Russia signals willingness on Syria 'deconfliction' with US: Pentagon
Russia has informally said it will push ahead with efforts to avert potential mishaps between Russian and US pilots flying missions over Syria, Pentagon officials said on Tuesday.
A senior official, speaking during a European tour by US Defence Secretary Ashton Carter, said Moscow had signalled it would carry out commitments made in a first round of talks.
These include undertakings on which language Russian and American pilots will use for communication, the choice of radio frequency and the altitude at which warplanes will operate, the source said, speaking on condition of anonymity.
US and Russian officials held discussions last week -- at Russia's request -- on establishing accident-avoidance measures so that warplanes flying over Syria would not be in the same place at the same time.
Pentagon press secretary Peter Cook said Washington noted Russia's informal response.
"We look forward to the formal response from the Russians and learning the details. We stand ready to meet again to continue... discussions as soon as possible," Cook told reporters accompanying Carter.
The so-called "deconfliction" talks came after Russia started bombing in support of Syrian President Bashar al-Assad, further complicating the four-and-a-half-year conflict.
But since then, and despite Russian violations of Turkish airspace at the weekend, Moscow has not participated in further talks, despite US several requests.
Carter voiced concern about this.
"We are waiting for the Russians. They owe us a response," Carter said earlier Tuesday at a Spanish-US air base at Moron de la Frontera in southern Spain.
"These meetings were their initiative in the first place, focused on professional conduct. It's only professional that you follow through on the requests they made and they've not done that yet."
Turkey says Russian fighter jets violated its air space near the Syrian border on Saturday and Sunday, further heightening tensions.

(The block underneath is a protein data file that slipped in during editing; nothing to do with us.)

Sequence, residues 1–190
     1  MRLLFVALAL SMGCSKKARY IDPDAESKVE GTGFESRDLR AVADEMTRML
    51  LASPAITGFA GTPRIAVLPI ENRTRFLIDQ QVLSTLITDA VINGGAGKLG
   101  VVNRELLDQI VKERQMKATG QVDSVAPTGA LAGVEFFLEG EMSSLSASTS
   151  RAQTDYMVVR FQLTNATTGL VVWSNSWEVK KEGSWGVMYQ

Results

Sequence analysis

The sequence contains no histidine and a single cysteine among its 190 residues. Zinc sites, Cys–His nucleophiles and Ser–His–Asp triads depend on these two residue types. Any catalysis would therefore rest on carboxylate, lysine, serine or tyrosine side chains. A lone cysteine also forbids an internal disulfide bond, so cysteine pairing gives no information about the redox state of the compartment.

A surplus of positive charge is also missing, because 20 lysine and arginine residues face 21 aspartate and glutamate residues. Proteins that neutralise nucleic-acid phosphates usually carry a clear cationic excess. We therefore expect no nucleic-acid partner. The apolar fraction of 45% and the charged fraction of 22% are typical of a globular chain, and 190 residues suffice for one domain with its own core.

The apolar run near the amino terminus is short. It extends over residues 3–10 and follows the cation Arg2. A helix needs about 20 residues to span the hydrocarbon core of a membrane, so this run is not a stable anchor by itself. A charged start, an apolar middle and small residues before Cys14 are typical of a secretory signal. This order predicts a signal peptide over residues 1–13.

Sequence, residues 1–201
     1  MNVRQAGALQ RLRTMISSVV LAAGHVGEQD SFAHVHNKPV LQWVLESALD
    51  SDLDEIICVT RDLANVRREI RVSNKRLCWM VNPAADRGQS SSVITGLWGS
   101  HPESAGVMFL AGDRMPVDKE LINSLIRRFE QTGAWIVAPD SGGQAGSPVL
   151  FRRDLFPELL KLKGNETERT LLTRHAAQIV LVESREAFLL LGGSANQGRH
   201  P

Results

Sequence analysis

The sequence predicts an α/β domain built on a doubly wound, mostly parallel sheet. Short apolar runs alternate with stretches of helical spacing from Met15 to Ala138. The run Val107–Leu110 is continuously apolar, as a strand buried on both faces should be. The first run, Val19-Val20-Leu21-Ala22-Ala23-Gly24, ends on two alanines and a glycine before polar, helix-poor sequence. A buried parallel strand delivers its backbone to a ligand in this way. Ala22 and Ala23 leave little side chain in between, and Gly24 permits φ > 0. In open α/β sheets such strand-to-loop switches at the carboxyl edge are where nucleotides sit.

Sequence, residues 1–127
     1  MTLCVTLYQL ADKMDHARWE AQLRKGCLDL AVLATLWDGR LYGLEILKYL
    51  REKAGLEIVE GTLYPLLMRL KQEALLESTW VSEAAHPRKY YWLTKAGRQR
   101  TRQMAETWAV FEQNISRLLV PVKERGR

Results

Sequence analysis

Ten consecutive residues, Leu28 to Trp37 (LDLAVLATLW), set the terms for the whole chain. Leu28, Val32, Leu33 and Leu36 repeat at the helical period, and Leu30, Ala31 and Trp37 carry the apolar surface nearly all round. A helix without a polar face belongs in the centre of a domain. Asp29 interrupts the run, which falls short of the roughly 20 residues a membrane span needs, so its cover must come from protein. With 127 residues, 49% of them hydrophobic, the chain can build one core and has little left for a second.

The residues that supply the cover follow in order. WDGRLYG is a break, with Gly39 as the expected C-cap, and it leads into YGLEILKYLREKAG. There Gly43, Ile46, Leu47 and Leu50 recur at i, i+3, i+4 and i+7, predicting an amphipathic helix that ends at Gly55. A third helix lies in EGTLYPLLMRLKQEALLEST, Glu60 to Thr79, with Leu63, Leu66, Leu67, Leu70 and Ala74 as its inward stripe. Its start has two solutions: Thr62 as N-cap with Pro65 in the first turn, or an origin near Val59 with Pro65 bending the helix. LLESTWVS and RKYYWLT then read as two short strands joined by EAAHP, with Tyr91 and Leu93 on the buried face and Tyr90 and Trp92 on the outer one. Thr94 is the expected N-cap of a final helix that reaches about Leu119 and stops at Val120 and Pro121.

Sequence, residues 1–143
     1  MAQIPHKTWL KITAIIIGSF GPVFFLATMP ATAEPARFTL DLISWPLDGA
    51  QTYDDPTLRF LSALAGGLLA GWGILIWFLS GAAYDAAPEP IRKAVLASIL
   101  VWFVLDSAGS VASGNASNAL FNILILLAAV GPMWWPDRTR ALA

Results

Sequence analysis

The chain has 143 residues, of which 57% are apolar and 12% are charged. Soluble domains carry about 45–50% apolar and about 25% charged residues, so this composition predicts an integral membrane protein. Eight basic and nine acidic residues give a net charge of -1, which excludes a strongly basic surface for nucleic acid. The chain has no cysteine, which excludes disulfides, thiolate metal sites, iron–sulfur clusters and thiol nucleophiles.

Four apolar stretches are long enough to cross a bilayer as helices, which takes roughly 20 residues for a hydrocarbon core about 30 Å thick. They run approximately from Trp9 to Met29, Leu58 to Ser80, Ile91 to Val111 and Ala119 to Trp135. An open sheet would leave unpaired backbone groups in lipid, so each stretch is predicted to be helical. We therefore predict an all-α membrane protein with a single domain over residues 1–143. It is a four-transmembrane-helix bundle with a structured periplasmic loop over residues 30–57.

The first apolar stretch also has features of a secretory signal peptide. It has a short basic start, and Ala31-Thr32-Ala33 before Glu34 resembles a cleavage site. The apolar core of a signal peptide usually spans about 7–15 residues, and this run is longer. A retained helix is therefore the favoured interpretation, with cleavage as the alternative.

On Tuesday, it said that eight Turkish F-16 jets, carrying out reconnaissance flights over the Turkish-Syrian border on Monday, were held on radar lock by an unidentified MiG-29.
Radar lock enables a warplane's missile systems to automatically follow a target.
- 'Strengthen our posture' -
Carter, who was speaking before the latest developments, said violations of Turkish airspace would "cause us further to strengthen our posture with respect to Russia," although he did not elaborate.
"It's further evidence that they are not thinking things through very well."
The Pentagon has repeatedly stressed Russia's involvement in Syria would not alter continued air attacks against Islamic State jihadists there and in Iraq as part of a coalition of more than 60 nations.
Carter could not confirm reports Moscow was committing "volunteer" ground troops to fight in Syria, but said if true, "that would simply be deepening their mistake".
Russia already has at least 2,000 military personnel in Syria, Pentagon officials say. They are stationed at an air base in the Latakia region in the country's northwest.
Carter visited Sigonella, a US-Italian base in Sicily, after stopping by at Moron de la Frontera, where the United States and Spain have agreed the permanent establishment of a force of 2,200 US marines.
Carter's five-day trip to Europe also includes a NATO ministerial meeting in Brussels on Thursday.
© 2015 AFP